man vs Brown & Jones; 5290, Loewenstine
vs Shane; 5293, Sherman vs Thayer; 5294,
Beverly vs Plunket; 5302, Schade vi Karr.
Launched into Eternity bj One Trip of
the Hangman's Trap ThelBrassell
Brothers, Two Deep-Dyed Vil
lains, Expiate their Murder
ous Misdeeds at Cooke
Till?, Tenn.
Their Confession of Jilne Murders and
Numberless Other Crimes that will
Never be Divulged History f
the Crime for which they
were Hanged.
One of the Gang Turns State's Evidence,
upon whose Testimony the Brassels
are Convicted Their Fruitless
Appeal to Gov. Porter Itc,
Special to the Appeal.
Nashville, March 27. A Cookeville
special to the American says the Brassell
brothers were executed at half-past one
o'clock to-day in the presence of about eight
or ten thousand spectators.
They were taken from the jail by Sheriff
conannon, piacea in a wagon containing
their coffins, on which they sat, and were
conducted to the place of execution, abont
bait a mile southwest ol the town, in an open
held, attordin? all the spectators
full view of the scaffold. The
wagon was guarded from the jail by about
one hundred and fifty men, who had been
summoned for the purpose by the sher
iff. Jhey took position around
the scaffold. Following close behind
the waeron containing the prisoners were
a sister and brother on horseback.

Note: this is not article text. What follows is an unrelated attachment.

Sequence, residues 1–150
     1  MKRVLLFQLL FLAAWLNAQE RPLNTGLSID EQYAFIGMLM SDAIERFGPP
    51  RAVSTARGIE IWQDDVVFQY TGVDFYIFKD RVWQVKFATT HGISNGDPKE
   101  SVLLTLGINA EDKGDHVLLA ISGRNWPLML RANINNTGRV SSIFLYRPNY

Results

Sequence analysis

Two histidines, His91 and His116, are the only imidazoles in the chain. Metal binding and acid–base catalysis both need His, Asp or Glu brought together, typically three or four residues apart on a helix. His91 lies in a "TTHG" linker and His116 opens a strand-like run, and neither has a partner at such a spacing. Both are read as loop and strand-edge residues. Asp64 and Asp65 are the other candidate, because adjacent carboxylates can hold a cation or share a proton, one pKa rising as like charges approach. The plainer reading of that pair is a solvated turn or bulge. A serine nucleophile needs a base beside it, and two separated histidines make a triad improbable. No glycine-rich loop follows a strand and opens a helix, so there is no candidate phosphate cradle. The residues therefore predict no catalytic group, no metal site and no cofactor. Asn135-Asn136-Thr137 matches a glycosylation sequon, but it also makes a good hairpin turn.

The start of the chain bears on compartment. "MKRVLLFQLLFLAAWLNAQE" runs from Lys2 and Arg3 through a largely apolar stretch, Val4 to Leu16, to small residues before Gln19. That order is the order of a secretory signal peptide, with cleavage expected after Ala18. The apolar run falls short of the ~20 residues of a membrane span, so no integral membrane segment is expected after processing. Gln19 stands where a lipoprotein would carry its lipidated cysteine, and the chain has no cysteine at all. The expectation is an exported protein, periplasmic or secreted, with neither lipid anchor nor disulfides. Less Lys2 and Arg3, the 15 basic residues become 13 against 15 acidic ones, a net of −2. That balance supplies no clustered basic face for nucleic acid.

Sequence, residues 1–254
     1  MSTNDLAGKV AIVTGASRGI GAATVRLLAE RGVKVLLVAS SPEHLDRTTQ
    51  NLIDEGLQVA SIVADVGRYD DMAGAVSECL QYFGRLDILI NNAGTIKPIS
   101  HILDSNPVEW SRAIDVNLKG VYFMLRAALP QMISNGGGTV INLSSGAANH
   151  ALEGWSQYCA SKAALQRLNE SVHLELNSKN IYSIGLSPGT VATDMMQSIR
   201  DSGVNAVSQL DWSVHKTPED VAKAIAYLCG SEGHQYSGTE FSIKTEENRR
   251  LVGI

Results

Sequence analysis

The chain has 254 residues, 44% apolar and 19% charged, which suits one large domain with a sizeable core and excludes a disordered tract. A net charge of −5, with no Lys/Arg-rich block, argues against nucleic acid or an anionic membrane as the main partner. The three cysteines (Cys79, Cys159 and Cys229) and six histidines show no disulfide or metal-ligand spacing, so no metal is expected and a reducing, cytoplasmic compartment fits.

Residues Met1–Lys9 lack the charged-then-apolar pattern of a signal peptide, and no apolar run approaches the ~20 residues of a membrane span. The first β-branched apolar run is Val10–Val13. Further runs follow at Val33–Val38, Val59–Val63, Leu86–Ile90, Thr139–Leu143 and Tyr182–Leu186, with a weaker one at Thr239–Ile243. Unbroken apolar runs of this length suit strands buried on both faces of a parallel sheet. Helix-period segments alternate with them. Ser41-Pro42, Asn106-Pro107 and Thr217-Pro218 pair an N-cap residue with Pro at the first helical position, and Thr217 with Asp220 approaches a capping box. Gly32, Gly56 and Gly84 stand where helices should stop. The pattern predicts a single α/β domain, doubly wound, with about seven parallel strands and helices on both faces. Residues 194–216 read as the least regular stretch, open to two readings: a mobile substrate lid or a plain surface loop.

The former remained near the scaffold
throughout the entire proceedings, and,
though visibly affected. witnessed
the heartrending spectacle with the nerve
which characterized the conduct of their
doomed brothers. Joe Brassell said:
"Gentlemen and Ladies I will speak a
few words to you if you will give
me your attention, l am here to-day, and
what is it for? Murder! What were the
causes of it? They were whisky, hard-seek
ing after money and associating with
drunken, reckless boys, and there
are hundreds here to-day. I will give you
some advice, ooys let wnisKy aione. Above
all things, have nothing to do with whisk v.
Take warning by this. It brought me herein
this fix, and you are all liable to be put
in this condition by following the same
course. Young men, take warning and be
good to one another; go to meet
mg and keep the Sabbath holy.
Farewell to you all; meet me in heaven."
Teek said: "This is a solemn hour.llt is
told me I must die. I am ready, waitincr.
prepared, and willing to die." After quite
a long pause, he resumed with
the remarks: " I hope to meet